Our topic this week centers around this important verse! Here it is again:

“I will betroth you to me forever; I will betroth you to me in righteousness and in justice, in steadfast love and in mercy. I will betroth you to me in faithfulness; and you shall know the Lord.” Hosea 2:19

Scripture uses many images to describe God’s love/desire for us, but the “spousal analogy” is arguably the most pronounced…and maybe even most confusing one!

Drawing from the conclusions of theologians before him, Christopher West takes that analogy a step farther and makes a pretty profound statement: God wants to marry us.

Crazy, right? And these claims come from the Bible! That’s not too hard to believe though…after all, the Bible begins and ends with marriages: Adam to Eve and Christ to the Church. Patterned throughout the Bible–from bookend to bookend–you see numerous examples of God making His desires clear for us (members of His Church). Here are a few:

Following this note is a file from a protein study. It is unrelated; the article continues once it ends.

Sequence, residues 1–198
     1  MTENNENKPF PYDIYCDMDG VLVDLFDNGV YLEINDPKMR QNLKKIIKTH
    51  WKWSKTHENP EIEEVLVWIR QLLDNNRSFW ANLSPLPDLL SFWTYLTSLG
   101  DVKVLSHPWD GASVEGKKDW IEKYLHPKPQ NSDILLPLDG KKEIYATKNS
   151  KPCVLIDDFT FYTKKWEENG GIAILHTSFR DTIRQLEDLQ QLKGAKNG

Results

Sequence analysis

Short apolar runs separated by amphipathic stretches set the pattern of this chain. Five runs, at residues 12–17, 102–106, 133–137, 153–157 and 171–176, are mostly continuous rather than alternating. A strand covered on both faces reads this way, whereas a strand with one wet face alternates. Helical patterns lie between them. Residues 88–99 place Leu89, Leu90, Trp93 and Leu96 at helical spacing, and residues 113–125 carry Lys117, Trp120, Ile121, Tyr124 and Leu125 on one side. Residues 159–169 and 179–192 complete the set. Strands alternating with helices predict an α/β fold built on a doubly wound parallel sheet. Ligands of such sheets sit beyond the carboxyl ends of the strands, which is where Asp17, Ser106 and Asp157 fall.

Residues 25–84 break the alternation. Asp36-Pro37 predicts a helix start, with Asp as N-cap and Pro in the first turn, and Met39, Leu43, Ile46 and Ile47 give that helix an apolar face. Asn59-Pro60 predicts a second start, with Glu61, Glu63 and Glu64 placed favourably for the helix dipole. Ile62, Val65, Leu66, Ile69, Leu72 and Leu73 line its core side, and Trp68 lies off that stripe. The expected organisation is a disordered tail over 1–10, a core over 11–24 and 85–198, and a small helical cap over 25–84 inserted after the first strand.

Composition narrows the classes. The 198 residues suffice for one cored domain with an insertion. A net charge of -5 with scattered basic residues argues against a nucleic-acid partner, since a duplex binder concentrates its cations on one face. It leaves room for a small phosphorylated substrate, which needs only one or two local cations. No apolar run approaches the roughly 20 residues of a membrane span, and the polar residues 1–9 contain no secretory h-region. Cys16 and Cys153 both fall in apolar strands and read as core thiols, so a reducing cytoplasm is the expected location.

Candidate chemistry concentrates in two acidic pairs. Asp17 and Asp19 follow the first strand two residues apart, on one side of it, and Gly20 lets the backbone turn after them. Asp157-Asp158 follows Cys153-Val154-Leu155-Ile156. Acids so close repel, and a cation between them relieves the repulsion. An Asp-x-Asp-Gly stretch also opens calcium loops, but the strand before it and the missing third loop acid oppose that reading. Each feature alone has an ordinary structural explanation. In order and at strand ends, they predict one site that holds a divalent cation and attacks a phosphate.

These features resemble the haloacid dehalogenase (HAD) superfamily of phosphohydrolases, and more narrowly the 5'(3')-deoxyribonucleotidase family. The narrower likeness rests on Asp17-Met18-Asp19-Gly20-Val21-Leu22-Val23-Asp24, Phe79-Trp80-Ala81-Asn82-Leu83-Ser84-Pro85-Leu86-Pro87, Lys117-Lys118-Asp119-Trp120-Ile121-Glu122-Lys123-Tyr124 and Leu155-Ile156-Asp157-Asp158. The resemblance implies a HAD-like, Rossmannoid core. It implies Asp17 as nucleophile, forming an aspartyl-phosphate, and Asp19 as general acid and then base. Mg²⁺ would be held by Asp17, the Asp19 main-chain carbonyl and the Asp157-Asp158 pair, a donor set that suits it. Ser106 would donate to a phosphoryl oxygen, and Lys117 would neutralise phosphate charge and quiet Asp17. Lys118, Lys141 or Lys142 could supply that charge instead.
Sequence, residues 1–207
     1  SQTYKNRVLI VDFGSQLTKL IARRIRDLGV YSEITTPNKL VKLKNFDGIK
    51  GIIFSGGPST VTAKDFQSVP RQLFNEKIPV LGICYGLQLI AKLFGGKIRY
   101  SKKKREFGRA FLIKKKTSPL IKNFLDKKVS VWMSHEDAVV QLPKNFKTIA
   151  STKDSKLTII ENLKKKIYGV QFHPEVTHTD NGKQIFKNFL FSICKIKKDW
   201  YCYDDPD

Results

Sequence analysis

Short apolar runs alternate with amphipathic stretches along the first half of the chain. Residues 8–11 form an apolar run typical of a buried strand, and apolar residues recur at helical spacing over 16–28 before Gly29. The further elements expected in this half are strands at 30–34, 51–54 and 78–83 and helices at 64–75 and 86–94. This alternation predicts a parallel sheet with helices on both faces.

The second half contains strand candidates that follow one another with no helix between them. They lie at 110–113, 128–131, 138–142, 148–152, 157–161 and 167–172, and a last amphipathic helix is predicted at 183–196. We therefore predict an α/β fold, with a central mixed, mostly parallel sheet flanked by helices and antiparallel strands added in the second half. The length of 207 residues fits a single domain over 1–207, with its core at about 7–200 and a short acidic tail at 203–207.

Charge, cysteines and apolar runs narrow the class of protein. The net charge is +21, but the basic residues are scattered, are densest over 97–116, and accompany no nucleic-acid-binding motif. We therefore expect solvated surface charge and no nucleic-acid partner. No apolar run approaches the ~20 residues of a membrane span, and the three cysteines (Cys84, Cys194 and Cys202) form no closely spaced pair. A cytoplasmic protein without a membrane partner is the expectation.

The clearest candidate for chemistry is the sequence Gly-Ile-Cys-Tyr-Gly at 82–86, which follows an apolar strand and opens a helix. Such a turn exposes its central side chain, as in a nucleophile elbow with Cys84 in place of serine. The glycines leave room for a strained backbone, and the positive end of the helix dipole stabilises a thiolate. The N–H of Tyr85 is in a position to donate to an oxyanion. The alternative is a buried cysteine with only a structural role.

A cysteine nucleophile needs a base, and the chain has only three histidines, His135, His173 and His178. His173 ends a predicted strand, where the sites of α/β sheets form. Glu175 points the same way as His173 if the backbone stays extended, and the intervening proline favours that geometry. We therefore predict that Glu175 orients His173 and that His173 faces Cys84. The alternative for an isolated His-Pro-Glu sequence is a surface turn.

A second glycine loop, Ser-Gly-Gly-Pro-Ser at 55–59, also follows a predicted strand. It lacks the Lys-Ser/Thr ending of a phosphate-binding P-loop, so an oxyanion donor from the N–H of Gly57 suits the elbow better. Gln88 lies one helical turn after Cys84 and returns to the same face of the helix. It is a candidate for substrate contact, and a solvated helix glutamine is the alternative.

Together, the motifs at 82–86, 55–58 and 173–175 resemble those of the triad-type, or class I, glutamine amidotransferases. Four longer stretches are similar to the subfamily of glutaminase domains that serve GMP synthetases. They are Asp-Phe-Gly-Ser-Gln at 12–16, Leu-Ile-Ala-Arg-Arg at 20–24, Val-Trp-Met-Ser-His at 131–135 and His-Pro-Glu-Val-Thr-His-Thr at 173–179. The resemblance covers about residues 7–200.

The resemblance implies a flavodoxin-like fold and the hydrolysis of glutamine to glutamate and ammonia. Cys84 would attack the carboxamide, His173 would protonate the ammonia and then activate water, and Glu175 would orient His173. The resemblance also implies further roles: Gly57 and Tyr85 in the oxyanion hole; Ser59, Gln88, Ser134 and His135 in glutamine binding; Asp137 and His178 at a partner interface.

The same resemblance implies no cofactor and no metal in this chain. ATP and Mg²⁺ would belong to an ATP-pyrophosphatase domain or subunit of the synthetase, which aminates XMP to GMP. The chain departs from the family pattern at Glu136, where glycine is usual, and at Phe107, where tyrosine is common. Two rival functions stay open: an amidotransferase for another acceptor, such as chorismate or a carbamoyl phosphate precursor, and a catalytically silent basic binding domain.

Song of Songs 4:9 (You saw that coming!)

“You have stolen my heart, my sister, my bride; you have stolen my heart with one glance of your eyes, with one jewel of your necklace.”

Isaiah 62:5

“For as a young man marries a virgin, so shall your Maker marry you; and as the bridegroom rejoices over his bride, so shall your God rejoice over you.”

Ephesians 5:21-32

“‘For this reason a man shall leave his father and mother and be joined to his wife, and the two shall become one flesh.’ This is a great mystery, and I mean in reference to Christ and the church.”

Revelation 19:7